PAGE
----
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      3. Yes Teri – my library has tons of inter-loan options we are very lucky. Plus, I have access to Penn State and University of California libraries, so I am quite flush with access and am always happy to help if anyone needs something ! I am the President of the Friends of the Woodland Public Library and have had the pleasure of learning from the librarians about all kinds of things related to books and why certain libraries carry certain things. JNaz- I also have no problem requesting books and have been encouraged to do so actually — I got Maria Popova’s Figuring off the shelf the other day. It is a heavy load!

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      4. I figured as much, borkali, but couldn’t see why you’d deprive yourself of The God of Small Things. 🙂 I have never tried requesting the acquisition of an item, always thinking that the people at the library would mutter, “Why don’t you buy the book?” But you two must have an insider’s read on this.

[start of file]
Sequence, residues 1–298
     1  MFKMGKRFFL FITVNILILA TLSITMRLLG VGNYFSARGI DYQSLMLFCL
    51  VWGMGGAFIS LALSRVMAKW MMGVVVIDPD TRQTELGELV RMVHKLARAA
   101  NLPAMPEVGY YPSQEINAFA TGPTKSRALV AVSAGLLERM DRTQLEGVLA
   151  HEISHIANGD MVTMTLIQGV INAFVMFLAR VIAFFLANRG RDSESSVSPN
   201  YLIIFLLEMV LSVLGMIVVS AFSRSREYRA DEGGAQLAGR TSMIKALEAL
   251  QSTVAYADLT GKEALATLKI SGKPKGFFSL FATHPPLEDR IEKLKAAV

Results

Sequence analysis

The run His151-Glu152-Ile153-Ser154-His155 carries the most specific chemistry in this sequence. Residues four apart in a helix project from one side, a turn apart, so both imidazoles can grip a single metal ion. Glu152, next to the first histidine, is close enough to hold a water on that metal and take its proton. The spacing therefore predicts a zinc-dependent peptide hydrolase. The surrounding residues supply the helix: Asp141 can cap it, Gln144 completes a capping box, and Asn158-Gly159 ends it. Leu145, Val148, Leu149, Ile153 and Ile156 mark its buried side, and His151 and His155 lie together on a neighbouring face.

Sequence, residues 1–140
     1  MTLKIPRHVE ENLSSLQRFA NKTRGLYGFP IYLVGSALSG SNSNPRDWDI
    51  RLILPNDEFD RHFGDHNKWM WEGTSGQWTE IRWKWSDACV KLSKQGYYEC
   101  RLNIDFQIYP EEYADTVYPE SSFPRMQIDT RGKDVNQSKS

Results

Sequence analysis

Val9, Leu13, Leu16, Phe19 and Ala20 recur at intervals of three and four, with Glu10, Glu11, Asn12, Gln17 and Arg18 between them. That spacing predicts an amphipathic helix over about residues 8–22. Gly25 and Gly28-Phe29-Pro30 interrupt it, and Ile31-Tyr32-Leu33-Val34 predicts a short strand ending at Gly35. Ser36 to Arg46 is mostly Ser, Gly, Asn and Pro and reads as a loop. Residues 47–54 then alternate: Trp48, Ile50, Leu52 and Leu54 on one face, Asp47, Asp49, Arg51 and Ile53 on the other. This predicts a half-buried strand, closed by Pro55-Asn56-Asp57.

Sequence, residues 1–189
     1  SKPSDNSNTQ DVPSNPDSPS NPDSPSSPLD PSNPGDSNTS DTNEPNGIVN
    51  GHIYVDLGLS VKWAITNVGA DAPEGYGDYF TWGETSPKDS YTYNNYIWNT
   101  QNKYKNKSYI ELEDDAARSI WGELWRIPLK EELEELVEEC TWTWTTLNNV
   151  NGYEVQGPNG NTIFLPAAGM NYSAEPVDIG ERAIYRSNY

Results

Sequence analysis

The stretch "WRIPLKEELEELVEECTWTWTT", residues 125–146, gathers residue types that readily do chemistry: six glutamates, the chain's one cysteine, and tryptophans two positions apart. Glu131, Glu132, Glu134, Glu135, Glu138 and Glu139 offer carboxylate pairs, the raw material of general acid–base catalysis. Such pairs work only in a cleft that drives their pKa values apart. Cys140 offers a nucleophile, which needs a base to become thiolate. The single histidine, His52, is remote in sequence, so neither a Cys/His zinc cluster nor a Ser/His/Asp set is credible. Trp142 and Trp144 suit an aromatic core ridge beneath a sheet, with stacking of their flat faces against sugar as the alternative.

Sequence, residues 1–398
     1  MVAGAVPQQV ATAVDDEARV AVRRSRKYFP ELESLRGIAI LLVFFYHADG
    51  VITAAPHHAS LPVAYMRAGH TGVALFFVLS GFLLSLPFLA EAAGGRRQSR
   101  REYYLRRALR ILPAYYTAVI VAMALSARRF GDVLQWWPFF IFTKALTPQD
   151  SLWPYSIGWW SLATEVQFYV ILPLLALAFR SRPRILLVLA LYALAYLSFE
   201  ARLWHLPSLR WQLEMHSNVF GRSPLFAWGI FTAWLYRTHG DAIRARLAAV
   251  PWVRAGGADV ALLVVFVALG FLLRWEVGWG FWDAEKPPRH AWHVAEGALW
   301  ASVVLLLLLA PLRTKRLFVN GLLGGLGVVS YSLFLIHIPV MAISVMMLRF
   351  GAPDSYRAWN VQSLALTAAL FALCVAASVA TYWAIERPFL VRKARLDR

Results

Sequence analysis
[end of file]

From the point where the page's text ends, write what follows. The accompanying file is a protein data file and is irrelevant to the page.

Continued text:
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      5. I checked out Popova’s book from the library. It’s like Brain Pickings on steroids. Many, many quotes. In fact, more quotes than original material There are things to enjoy about it, but I couldn’t get all of the way through it.

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      6. Sometimes I just wait for things to appear 🙂 The Ministry of Utmost Happiness was on the shelf so I read it, but went in look for The God of Small Things — Popova’s book is more for perusal than linear reading, for me — I am just happy to carry it around for a while, but I could never read this thing in 3 weeks!

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  4. Teri- You should always feel welcome to make suggestions to the library since they are there to serve the local public. In fact it is helpful for them to have a sense of what people are interested in having available and whatnot. I’d say feel free to speak up!

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  5. I bought Popova’s book, because I knew it would take forever to get through Figuring (definitely in small doses). I’m happy all the proceeds go to NYC libraries. Endless food for thought. Popova has an amazing mind–and a generous spirit!!

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  6. I found The God of Small Things on a book cart in the courtyard the other day when we were moving donations 5$ per bag. It didn’t take too long for this book to find me! I’m looking forward to enjoying it soon.